When investigating the mechanisms that can explain the empirical relationships found, the evidence confirms the prediction that the more financially literate are better positioned to evaluate the risk-reward profile offered by cryptocurrencies.

Figure 3 Financial literacy and attitudes to cryptocurrencies
Figure 3: Financial literacy and attitudes to cryptocurrencies

Our study has just been presented at the ADBI/WSBI Joint G20 Conference in Tokyo (June 2019); our full working paper is expected in July.

Georgios Panos (Professor of Finance at the University of Glasgow) and Tatja Karkkainen (PhD candidate at the Adam Smith Business School and a TFI-funded research assistant at the University of Glasgow).

Footnotes

  1. 1. Klapper, L., Lusardi, A., and P. van Oudheusden (2015). “Financial Literacy Around the World: Insights from the Standard and Poor’s Rating Service Global Financial Literacy Survey”. Report: http://www.finlit.mhfi.com
  2. 2. van Rooij, M., Lusardi, A., and R. Alessie (2011). “Financial Literacy and Stock Market Participation”. Journal of Financial Economics. 101(2): pp. 449-472.
  3. 3. Cole, S., Sampson, T., and B. Zia (2011). “Prices or Knowledge? What Drives Demand for Financial Services in Emerging Markets?” Journal of Finance. 666: pp. 1933–1967.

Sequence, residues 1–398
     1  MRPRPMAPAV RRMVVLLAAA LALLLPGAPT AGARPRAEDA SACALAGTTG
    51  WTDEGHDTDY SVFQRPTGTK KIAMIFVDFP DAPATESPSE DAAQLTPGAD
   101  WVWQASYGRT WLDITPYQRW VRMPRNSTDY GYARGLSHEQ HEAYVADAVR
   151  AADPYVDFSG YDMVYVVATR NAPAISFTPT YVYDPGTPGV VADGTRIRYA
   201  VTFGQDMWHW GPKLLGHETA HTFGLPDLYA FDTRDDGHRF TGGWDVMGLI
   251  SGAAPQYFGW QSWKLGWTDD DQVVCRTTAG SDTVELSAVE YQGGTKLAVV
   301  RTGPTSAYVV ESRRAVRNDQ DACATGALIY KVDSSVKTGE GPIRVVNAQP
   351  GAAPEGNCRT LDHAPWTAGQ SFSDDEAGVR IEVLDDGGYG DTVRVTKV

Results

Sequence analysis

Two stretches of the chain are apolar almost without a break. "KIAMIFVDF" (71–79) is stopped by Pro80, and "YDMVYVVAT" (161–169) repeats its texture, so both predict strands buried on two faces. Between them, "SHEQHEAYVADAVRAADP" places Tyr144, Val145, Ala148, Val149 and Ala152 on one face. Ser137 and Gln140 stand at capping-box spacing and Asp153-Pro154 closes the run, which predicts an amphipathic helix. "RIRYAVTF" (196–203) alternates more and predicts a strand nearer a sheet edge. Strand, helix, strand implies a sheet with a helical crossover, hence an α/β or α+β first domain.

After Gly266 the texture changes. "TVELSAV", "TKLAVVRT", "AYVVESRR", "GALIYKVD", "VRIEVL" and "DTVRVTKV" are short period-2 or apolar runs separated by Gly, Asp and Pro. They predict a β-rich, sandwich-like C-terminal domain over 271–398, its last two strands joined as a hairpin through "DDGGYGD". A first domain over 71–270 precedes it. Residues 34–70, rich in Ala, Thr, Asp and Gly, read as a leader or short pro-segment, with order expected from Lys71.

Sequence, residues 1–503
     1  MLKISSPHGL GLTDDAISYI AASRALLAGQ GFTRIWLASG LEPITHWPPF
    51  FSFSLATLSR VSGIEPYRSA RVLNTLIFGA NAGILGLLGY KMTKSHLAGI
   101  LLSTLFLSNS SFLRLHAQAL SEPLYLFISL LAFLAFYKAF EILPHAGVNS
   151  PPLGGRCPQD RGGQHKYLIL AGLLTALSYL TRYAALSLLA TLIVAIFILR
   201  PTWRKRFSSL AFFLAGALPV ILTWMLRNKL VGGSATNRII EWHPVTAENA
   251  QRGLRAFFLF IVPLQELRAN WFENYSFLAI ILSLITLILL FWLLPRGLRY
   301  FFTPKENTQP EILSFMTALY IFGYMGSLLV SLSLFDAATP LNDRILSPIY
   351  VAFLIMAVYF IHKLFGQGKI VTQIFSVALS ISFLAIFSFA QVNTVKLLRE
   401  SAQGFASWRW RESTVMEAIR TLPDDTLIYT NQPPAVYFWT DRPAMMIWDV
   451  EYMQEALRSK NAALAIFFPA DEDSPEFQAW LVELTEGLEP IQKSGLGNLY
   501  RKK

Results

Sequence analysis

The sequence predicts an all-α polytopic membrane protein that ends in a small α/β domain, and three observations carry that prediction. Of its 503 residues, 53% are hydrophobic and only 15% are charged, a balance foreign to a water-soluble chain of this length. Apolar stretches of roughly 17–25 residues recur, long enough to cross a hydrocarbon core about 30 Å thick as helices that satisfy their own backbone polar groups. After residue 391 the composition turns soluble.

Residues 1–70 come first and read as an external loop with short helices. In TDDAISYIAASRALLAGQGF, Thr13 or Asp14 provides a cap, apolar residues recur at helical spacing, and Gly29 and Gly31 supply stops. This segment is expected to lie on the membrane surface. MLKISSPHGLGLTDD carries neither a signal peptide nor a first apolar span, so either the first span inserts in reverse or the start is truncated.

4. 4. Klapper, L., Lusardi, A., and G. A. Panos (2013). “Financial Literacy and its Consequences Evidence from Russia during the Financial Crisis”. Journal of Banking and Finance. 37: pp. 3904-3923.
  5. 5. von Gaudecker, H. M. (2015). “How Does Household Portfolio Diversification Vary with Financial Sophistication and Advice?” Journal of Finance. 70: pp. 489-507.
  6. 6. Lusardi, A., Michaud, P.C., & Mitchell, O. S. (2017). Optimal financial knowledge and wealth inequality. Journal of Political Economy, 125 (2), 431-477.
  7. 7. Glaser, F., Zimmermann, K., Haferkorn, M., Weber, M. C., and M. Siering (2014). “Bitcoin - Asset or Currency? Revealing Users' Hidden Intentions”. Working paper: Goethe University Frankfurt Faculty of Economics and Business. Presented at the 22nd European Conference on Information Systems: Tel Aviv.